We'll start by confronting the notion of "Sell in May, then go away." There is a saying among investors this time of year, that as we get closer to summer vacation, it's time to take money out of the stock market. To find out more, we consult the often bearish Julie Niemann, the analyst at Smith Moore and company in St. Louis.
Google is rolling out same-day delivery for online retail customers in West L.A. and Manhattan — offering products from a variety of retailers including Costco, Target, Walgreens and L'Occitane. Google has already been piloting the service in the San Francisco Bay Area. Amazon has just launched same-day delivery in parts of Los Angeles as well, along with San Francisco, Seattle and Phoenix. And the two giants aren't alone. Wal-Mart, eBay, Nordstrom and other retailers are also in the ring. But, same-day delivery is expensive and complicated.
What are the odds of an entry-level gambler getting some coaching and winning the World Series of Poker in Las Vegas? Not great, as you may imagine. Grantland writer Colson Whitehead got $10,000 from his employer to give it a try.
Razed to make way for Central Park, Seneca Village was a vibrant neighborhood in 19th century Manhattan. Now researchers are looking for descendants.
German drug company Bayer makes a deal with U.S.-based Merck & Co. The purchase includes brands such as Claritin, Coppertone and Dr. Scholl's.
The U.S. Preventive Services Task Force says there's not enough evidence to know if routine testing for cognitive impairment in older people helps or hurts. So patients have to decide on their own.
She says the gunmen claimed to be soldiers who had come to help girls abducted last month. It wasn't until the men stole food and set fire to a school that the girls were certain they were in trouble.
What are the odds of an entry-level gambler getting some coaching and winning the World Series of Poker in Las Vegas?
Not great, as you may imagine. Grantland writer Colson Whitehead got $10,000 from his employer to give it a try.
He spoke with Marketplace Morning Report host David Brancaccio about the results of his undertaking, which are chronicled in his book, "The Noble Hustle: Poker, Beef Jerky, and Death."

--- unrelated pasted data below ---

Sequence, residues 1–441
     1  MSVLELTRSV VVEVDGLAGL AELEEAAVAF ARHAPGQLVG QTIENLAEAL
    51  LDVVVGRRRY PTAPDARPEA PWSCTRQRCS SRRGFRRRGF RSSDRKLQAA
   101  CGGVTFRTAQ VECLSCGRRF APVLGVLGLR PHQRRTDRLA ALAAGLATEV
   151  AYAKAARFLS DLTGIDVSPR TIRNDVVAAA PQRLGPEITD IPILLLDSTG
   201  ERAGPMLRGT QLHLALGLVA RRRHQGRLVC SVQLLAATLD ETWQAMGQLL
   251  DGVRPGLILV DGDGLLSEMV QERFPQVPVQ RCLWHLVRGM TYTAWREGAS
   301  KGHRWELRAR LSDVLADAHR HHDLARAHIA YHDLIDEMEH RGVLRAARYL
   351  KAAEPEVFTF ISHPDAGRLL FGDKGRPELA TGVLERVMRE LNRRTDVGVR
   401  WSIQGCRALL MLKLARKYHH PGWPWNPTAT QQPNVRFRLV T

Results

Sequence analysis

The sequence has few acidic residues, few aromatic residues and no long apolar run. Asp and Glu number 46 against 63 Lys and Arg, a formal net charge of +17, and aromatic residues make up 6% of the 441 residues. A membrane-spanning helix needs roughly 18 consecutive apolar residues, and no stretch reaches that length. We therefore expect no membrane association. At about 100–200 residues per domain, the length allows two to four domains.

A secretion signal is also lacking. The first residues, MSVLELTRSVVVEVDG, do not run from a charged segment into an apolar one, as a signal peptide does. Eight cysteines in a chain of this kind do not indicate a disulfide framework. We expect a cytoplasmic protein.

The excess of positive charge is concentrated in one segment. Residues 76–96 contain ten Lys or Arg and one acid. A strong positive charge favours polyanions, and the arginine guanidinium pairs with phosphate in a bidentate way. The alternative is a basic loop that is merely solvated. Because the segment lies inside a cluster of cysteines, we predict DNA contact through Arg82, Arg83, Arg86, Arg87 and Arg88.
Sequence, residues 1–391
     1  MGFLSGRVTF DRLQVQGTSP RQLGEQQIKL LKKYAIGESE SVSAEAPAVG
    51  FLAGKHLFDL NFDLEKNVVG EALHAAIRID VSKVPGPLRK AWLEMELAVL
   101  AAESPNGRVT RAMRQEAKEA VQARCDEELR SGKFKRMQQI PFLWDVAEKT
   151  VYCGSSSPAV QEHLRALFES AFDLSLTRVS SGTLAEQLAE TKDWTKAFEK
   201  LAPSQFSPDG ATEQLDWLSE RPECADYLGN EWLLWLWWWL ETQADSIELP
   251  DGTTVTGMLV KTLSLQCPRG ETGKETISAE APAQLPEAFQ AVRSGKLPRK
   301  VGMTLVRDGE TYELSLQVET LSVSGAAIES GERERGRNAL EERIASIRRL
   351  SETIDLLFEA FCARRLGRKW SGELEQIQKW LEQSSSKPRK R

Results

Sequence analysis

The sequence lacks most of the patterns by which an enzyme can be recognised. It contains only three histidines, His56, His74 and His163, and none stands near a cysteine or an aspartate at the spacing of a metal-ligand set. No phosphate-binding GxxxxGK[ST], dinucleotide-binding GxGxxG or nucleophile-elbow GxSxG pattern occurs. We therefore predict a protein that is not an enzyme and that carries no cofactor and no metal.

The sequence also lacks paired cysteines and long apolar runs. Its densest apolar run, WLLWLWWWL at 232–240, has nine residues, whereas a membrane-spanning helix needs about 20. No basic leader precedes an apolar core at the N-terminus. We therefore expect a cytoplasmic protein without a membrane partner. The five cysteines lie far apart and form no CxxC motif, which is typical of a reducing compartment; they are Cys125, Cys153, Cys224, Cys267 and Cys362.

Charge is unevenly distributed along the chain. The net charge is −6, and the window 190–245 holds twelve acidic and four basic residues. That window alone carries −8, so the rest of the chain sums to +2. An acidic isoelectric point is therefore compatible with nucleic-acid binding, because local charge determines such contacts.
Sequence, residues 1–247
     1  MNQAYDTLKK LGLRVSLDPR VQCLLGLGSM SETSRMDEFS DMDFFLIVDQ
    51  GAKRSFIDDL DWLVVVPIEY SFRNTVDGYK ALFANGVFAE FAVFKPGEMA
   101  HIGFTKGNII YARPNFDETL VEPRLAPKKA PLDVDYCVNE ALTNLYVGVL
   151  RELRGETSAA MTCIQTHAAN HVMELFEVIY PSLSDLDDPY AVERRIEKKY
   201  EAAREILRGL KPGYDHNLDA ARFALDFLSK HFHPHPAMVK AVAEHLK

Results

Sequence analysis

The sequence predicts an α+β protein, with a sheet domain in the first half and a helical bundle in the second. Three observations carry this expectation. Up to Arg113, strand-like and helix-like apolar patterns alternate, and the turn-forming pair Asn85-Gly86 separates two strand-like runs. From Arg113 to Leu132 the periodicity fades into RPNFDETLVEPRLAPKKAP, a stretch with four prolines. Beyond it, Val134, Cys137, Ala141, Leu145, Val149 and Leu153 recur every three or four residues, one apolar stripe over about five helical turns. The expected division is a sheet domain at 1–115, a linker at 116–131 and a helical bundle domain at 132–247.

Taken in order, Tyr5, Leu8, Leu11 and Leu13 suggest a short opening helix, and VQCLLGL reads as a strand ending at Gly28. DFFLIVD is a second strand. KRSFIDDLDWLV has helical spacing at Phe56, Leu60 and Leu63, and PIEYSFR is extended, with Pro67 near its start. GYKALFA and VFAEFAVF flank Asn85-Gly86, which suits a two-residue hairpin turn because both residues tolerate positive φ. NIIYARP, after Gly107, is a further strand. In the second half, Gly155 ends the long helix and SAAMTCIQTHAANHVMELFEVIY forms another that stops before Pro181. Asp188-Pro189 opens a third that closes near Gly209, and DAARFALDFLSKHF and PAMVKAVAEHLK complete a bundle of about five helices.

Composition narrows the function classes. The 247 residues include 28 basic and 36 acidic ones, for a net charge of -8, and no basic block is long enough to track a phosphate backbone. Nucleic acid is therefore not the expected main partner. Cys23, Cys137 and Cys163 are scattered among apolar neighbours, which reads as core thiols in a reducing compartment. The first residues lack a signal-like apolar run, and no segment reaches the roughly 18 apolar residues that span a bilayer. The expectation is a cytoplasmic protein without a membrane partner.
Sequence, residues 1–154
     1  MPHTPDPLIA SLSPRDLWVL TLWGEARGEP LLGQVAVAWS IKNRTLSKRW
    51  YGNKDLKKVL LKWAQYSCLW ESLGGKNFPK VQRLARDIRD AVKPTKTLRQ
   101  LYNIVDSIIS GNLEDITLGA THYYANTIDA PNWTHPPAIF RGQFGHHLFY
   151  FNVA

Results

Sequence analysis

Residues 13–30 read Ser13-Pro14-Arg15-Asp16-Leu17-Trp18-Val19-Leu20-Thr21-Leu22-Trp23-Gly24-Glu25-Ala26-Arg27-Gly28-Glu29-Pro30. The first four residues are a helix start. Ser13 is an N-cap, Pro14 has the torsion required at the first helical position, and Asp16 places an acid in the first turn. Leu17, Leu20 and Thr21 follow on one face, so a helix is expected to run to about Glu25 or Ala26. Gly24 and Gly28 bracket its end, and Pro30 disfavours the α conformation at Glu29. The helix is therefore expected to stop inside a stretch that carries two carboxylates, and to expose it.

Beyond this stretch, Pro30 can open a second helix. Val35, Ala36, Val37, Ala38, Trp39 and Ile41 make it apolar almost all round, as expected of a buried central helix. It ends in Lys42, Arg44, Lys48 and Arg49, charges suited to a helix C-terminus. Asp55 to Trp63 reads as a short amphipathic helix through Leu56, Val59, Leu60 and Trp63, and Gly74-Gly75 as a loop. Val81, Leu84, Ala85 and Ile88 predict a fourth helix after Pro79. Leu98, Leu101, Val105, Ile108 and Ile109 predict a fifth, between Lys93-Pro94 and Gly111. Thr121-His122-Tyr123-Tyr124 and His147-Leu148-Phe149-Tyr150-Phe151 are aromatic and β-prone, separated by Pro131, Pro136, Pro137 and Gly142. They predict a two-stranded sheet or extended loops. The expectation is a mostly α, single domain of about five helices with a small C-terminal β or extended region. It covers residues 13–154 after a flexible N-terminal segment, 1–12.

Iowa and Mississippi share a dubious distinction: They're the only two states that have never sent a woman to Congress or elected one as governor.
A report overseen by the government finds climate change is causing more frequent heat waves, floods and droughts. The change, the study concludes, is also disrupting key parts of the economy.
Primaries in Indiana, North Carolina and Ohio serve as the kickoff for an intense two-month stretch of elections. Did we mention former American Idol star Clay Aiken is on the ballot?
Also: Edwidge Danticat on the real price of sugar; the winners of the O. Henry Prize.
After the plane's altitude was misinterpreted, efforts to route airliners around it over California created havoc. The U-2 was reportedly flying at 60,000 feet, but computers thought it was far lower.
Ukraine says its military has killed 30 pro-Russian separatists as government forces try to retake eastern cities near the border with Russia. At least four Ukrainian soldiers have died.
Google is rolling out same-day delivery for online retail customers in West L.A. and Manhattan — offering products from a variety of retailers including Costco, Target, Walgreens and L'Occitane. Google has already been piloting the service in the San Francisco Bay Area.
Amazon has just launched same-day delivery in parts of Los Angeles as well, along with San Francisco, Seattle and Phoenix. And the two giants aren't alone. Wal-Mart, eBay, Nordstrom and other retailers are also in the ring.